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How to pass table name as string to select query in access

I want to create simple select query but in this table name is string value so how can i select those records of that table which was passes as string

eg: select * from '[tablename]'

please give me solution as soon as possible.thank you.

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Re: how to pass table name as string to select query in access - Business & Productivity Software

What software are you using to query?

Posted on Dec 30, 2007

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Access database was copied now no tables in dropdown list

Your version of Access may require slightly different menus and clicks than mine, but the procedure is straightforward and should be very similar to what you will need to do. Read the whole post first!

Make sure you have permission to modify the database, then go to the form (I assume the drop-down table is in a form) and go to design view.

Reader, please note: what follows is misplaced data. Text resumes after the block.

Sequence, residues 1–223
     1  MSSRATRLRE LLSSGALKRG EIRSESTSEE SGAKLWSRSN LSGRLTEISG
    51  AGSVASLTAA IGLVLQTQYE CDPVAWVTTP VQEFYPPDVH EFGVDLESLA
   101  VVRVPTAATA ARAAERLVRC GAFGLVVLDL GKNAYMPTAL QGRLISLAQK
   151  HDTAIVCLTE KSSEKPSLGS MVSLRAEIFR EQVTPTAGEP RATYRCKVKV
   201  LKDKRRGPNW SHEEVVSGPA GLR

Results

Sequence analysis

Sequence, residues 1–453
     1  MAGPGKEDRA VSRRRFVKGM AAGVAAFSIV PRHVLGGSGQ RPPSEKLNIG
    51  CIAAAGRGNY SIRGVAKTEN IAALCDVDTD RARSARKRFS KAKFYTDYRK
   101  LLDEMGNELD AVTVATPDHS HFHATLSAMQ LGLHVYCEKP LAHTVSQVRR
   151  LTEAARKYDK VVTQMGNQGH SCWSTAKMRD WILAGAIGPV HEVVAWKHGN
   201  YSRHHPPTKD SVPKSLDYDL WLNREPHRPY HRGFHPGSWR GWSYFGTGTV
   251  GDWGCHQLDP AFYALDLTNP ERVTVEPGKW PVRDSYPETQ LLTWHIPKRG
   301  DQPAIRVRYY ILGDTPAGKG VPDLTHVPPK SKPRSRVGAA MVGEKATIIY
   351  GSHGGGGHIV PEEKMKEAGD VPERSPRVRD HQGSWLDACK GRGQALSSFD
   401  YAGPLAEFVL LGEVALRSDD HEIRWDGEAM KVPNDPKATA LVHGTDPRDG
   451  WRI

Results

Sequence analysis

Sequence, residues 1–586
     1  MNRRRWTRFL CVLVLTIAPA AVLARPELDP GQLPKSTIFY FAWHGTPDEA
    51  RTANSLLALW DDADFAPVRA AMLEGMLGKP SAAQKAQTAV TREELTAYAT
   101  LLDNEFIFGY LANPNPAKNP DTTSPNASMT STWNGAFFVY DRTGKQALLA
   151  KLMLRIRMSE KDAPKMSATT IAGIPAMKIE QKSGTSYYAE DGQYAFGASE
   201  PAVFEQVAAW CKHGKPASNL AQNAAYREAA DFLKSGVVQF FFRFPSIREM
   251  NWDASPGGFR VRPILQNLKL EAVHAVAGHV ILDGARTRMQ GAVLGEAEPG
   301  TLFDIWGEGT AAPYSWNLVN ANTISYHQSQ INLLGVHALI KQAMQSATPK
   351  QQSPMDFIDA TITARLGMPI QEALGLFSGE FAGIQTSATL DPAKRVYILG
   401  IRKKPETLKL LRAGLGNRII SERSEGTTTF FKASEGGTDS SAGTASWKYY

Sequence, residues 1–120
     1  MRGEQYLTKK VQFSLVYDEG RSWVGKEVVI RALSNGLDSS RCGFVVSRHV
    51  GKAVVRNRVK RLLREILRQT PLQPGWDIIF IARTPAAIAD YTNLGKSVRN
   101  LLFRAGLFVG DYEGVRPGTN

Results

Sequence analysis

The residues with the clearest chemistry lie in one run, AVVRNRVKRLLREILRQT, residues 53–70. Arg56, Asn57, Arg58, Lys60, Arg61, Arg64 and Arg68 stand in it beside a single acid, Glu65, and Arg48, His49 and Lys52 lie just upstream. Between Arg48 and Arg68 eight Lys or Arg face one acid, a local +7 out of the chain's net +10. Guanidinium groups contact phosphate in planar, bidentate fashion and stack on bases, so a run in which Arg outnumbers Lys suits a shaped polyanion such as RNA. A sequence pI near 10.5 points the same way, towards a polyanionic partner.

In design view, click once on the dropdown box you are having a problem with, and a properties screen with several tabs should pop up; click on the data tab, and look at 'data source'. In the list look for 'row source type' to see if the source of your data is a) a table or a query, b) a value list or c) a field list. Most dropdown boxes use either a value list or data from another table or a query (based on a table).

Check the source of data by going down to the next line in the list titled 'Row Source' (this is the list on the data tab that popped up when you clicked on the dropdown box in design view).

If the source is a table/query type you should see some code in the Row Source box like "SELECT....". Without changing anything, click once immediately to the right of the box, and whatever source the rows are coming from should pop up--if a query, for instance, it will pop up the underlying query in design view.

You should be able to troubleshoot the underlying query to see why no data is given in the dropdown box.

Another point where underlying query or table is used: If the table was based on a query that pulls data from the records in the current database, the drop down list will be blank until new records are added so the query has something to list.